The drivers would also have brought news back from the camp, at least until early May 1942 when the bread delivery was replaced by an increased flour ration.[45] On one occasion, Staff-Sergeant Sheridan was allowed to accompany Owen Evans into Camp, and while there he was able to take a look round and have a discussion with Lane, Crawford manager Mr. Brown.[46] This suggests that the drivers were allowed at least some contact with the internees. Dr. Selwyn-Clarke was allowed to visit the camp once a week, but on condition that he didn’t pass on any news.

In fact, things seem about as good as they could have reasonably hoped except for the absence of the humane Japanese officer they’d left behind in Exchange House:

There is one thing we miss here and that is the protection of Cpt. Tanaka.[47]

On June 4, Staff-Sergeant Sheridan escaped and the sources currently available to me tell us very little about life in the Hospital from then on until the arrests of May 2, 1943. But is does seem clear that the community described in the Memoir was a temporary one: the Jesuits left for Free China or Wah Yan College, the Americans were repatriated, and Stott escaped. But others came to replace them. On June 29, three and a half weeks after Staff-Sergeant Sheridan’s escape, Thomas got married to a woman the Memoir describes as his ‘friend’ – I’d always suspected the decision to marry was a rather sudden one!  According to Charles Winter, he and Evelina planned to live ‘on the compound of the French Hospital’. It seems that they either had a small room to themselves or were billeted with another married couple, while the two remaining bakers Hammond and Peacock were either allowed to stay in their room or forced to share with others.

After my next post on conditions in Exchange House immediately after the surrender, it will be obvious that Thomas and his fellow bakers were about as lucky as any members of the Allied community in the first six months or so of their time in occupied Hong Kong. But as the months wore on, things changed dramatically: in early 1943 the Kempeitai began to strike back against various forms of illegal activity carried out by enemy nationals. All those outside Stanley were under automatic suspicion of smuggling drugs and money into the camps, and, more seriously, of military spying. Matters came to a head in the terrible days of early May 1943, and when most of the dwellers in the French Hospital were sent into Stanley on May 7 there can have been few who weren’t relieved. But in late June the Kempeitai terror followed them into Stanley Camp.[48]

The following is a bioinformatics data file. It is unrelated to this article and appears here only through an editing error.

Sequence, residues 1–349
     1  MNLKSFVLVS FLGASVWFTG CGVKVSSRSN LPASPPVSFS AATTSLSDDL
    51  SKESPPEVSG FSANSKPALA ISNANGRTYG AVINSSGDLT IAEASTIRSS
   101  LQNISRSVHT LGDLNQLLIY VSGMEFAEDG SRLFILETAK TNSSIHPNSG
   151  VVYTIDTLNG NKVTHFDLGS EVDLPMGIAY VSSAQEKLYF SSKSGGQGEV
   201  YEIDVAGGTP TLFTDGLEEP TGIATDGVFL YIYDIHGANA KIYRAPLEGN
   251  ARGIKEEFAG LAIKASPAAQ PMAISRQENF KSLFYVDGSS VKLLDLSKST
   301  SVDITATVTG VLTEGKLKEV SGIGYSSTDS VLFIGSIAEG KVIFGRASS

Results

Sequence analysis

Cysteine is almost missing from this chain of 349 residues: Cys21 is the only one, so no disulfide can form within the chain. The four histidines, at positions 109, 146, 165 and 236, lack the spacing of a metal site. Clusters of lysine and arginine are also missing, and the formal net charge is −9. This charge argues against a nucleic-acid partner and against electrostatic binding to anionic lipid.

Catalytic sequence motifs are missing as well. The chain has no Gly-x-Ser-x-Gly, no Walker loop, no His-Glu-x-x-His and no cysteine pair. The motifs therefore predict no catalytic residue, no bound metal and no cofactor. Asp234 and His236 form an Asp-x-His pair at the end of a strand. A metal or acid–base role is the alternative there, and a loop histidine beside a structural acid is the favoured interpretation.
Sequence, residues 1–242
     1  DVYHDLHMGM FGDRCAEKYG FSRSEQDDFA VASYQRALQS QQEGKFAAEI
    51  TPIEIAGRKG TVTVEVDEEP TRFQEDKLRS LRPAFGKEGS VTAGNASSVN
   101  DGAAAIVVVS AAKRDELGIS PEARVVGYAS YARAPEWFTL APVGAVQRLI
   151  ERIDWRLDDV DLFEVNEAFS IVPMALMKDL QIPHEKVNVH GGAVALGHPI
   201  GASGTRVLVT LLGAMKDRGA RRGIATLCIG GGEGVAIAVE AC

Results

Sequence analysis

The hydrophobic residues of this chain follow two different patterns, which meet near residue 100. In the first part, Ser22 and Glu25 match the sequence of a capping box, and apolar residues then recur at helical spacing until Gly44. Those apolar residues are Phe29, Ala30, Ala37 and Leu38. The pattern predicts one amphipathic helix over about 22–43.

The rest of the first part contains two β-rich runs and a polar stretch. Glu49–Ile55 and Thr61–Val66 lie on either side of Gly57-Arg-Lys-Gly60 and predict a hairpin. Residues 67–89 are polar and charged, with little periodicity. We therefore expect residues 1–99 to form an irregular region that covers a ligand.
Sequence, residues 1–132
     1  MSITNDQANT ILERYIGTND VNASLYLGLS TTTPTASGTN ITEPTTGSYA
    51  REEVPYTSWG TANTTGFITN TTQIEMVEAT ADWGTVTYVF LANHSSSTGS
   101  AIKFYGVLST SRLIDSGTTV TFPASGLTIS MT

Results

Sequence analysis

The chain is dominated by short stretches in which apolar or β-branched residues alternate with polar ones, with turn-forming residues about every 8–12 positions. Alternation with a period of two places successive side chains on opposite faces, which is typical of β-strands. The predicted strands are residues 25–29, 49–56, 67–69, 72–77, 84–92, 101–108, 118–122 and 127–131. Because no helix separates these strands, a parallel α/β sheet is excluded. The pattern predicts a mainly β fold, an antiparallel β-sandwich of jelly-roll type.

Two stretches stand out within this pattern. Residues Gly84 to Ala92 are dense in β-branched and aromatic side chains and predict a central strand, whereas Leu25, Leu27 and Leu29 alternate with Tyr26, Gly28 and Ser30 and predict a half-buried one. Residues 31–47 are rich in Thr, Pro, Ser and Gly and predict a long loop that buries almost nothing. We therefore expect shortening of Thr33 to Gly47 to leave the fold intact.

And when, sometime in September 1945, the three remaining bakers and their fellow civilians finally emerged to try to resume their lives, the place they had called home for over a year also bore  marks of the suffering and destruction:

Near the end of the war, tragedy struck the compound. Bombs from the Allied forces rained on the compound on April 4, 1945 destroying buildings and killing seven Sisters and many orphans and staff.[49]

[4] Patrick John Sheridan, Hong Kong Memoir, 91. Henceforth referred to as Memoir.

[5] Memoir, 83.

[7] Winters and Henry: Memoir, 89.

[8] Memoir, 92.

[11] Memoir, 92.

[17] Memoir, 92.

[21]  Memoir, 24.

[22] Memoir, 92.

[23] Memoir, 109.

[24] Thomas F. Ryan, Jesuits Under Fire in the Siege of Hong Kong, 1944, 166.

[25]  Alan Birch and Martin Cole, Captive Years, 1982, 102.

[26] Ryan, 1944, 174.

[27] Memoir, 93.

[28] Memoir, 99.

[29] Greg Leck, Captives of Empire, 20o6, 649.

[31]  Tony Banham, We Shall Suffer There, 2009, entry for August 14, 1942

[32]  Tony Banham, We Shall Suffer There, 2009, entry for August 14, 1942

[33] Memoir, 94.

[34] Memoir, 94.

[35] Memoir, 100.

[36] Gwen Dew, Prisoner of the Japs, 1943, 73.

[37] Memoir, 102.

[39] Memoir, 101.

[40] Stanley: Behind Barbed-Wire, 1982, 71.

[41] G. A. Leiper, A Yen For My Thoughts,  1982, 150.

[43] P. J. Sheridan, Escape Statement, Page 8. This document from the Ride Papers, held at the Hong Kong Heritage Project, was kindly sent to me by Elizabeth Ride.

[44] Memoir, 105.

[46] Memoir, 93.

[47] Memoir, 95.